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Poll: George W. Bush’s favorability rating has nearly doubled since he left office

According to a new CNN poll, 61 percent of respondents said they now have a favorable view of former President George W. Bush, almost double the 33 percent who said so when the 43rd president left office in January 2009. Bush throws out the ceremonial first pitch before Game 5 of the 2017 World Series against the Los Angeles Dodgers in Houston. (Ezra Shaw/Getty Images)

Former President George W. Bush’s favorability rating has nearly doubled since he left office, according to a new CNN poll.

What did the poll find?

According to the CNN poll conducted by SSRS this month, 61 percent of respondents said they now have a favorable view of Bush, almost double the 33 percent who said so when the 43rd president left office in January 2009.

CNN noted Bush’s rating is slightly lower than that of former President Barack Obama, who has a 66 percent favorability rating, and significantly higher than President Donald Trump’s favorability rating of 40 percent.

The poll found that Democrats and independents are largely responsible for the uptick. Bush’s favorability rating among Democrats climbed from just 11 percent in February 2009 to a 54 percent this month.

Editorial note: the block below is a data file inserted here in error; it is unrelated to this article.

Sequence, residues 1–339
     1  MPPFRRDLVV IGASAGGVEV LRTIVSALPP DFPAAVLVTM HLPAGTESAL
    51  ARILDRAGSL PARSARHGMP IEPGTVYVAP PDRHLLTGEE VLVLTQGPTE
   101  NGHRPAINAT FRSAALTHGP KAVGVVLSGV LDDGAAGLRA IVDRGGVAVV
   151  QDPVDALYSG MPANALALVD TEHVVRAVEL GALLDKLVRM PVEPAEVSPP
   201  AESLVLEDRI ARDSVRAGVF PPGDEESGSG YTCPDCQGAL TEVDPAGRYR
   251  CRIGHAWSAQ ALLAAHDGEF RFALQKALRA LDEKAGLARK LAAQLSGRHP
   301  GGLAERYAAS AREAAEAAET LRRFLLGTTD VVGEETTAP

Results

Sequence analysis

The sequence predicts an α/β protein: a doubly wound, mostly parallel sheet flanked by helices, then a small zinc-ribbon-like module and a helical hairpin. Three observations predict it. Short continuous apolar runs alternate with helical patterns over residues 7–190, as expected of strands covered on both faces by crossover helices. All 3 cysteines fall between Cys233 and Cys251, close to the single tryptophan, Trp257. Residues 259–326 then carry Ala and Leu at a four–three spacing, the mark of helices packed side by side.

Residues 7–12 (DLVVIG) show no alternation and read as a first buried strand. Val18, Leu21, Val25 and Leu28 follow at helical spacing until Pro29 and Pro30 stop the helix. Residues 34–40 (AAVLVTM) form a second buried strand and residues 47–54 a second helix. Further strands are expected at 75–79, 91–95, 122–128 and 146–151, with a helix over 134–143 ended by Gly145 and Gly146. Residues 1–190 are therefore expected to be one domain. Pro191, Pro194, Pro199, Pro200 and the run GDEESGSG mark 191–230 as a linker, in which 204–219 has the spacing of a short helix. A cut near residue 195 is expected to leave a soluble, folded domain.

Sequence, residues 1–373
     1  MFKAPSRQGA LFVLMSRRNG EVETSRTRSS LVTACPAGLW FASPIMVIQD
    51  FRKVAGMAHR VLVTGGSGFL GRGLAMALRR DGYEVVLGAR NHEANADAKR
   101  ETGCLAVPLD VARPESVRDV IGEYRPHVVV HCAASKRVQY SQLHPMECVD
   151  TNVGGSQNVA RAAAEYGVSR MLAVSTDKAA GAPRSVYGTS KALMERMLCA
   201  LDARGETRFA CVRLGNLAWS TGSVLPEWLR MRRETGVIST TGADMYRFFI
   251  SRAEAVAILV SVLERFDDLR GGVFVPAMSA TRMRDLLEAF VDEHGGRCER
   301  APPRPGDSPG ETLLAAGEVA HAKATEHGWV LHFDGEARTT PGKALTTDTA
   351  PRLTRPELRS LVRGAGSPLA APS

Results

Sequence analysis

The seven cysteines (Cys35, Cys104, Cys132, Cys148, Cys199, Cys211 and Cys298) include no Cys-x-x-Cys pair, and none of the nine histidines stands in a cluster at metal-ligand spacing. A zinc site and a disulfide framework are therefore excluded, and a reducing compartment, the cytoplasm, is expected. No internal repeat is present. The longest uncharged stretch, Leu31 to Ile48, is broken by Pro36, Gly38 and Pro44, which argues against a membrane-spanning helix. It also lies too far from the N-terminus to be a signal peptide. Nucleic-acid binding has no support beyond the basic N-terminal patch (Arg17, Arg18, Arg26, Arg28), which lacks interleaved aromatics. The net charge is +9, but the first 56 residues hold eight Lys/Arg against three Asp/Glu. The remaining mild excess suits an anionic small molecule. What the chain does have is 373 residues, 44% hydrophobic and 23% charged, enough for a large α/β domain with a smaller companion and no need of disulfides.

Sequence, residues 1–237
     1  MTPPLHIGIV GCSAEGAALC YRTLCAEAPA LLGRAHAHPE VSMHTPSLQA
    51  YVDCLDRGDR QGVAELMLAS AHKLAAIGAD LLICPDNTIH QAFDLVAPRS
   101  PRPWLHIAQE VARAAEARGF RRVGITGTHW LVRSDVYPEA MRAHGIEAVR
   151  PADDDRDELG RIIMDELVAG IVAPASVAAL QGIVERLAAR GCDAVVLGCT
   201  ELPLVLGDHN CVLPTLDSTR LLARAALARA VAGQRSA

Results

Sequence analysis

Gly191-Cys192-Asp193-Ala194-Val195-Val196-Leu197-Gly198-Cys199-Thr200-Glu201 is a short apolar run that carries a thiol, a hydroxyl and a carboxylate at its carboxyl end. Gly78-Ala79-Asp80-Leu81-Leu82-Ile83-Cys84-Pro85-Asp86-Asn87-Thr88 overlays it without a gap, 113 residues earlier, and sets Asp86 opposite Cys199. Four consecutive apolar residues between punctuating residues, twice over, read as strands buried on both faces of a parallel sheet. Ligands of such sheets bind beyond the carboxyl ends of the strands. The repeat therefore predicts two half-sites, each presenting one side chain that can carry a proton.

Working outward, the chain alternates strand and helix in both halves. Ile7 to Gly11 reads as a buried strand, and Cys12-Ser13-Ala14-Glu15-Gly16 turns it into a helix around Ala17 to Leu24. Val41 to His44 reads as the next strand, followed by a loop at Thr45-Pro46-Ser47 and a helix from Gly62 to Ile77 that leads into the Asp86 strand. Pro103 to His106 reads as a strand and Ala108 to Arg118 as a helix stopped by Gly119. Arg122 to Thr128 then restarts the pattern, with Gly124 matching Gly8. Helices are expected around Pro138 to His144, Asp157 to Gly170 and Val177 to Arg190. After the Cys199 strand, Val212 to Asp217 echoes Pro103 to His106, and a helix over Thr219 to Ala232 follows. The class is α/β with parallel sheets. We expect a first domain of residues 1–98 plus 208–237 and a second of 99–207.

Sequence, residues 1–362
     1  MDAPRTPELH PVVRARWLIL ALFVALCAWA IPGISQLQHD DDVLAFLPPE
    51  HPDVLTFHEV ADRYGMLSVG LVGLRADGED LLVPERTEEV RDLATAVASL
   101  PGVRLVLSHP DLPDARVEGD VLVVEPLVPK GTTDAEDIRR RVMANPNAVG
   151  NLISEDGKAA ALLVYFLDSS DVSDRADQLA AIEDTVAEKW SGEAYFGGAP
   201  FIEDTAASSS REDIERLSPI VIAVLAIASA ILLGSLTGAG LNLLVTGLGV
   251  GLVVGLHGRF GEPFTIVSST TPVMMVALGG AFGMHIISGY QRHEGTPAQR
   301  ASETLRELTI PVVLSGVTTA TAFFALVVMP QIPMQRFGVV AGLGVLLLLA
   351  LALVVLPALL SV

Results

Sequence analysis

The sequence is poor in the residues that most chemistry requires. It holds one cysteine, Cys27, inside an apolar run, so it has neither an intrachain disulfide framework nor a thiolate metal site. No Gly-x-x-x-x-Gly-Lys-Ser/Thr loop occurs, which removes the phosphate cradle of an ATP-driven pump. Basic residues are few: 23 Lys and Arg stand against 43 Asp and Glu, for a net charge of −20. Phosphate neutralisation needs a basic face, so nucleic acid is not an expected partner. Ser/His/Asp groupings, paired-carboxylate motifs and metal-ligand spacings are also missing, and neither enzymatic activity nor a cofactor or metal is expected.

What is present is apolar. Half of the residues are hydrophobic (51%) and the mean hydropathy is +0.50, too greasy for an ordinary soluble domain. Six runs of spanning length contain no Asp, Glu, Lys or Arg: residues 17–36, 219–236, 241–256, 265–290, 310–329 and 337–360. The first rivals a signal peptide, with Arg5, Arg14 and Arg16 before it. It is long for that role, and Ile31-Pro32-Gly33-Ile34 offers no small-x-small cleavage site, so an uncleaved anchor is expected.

The former president now holds a majority favorability rating among every demographic group except self-identified liberals, including groups that often favor Democrats like nonwhites and those under 35 years old.

Bush’s favorability rating among Republicans has fluctuated. A month after he left office, 76 percent of Republicans viewed him favorably, and that number climbed to 88 percent in a 2015 CNN/ORC poll. However, the poll noted that number dropped back down to 76 percent “in the Trump era.” The percentage of Republicans who expressed disapproval of Bush grew from 7 percent in 2015 to 21 this month.

CNN noted that it isn’t uncommon for a president's favorability numbers to grow after they leave office.

For example, former President Bill Clinton's favorability rating grew from 51 percent when he left office to 64 percent in a 2015. That rating then dropped to 47 percent in October 2016 as his wife, former secretary of state Hillary Clinton, campaigned for the presidency.

The CNN Poll was conducted by SSRS on Jan. 14-15, and Jan.  17-18 among a random national sample of 1,005 adults.

One last thing…
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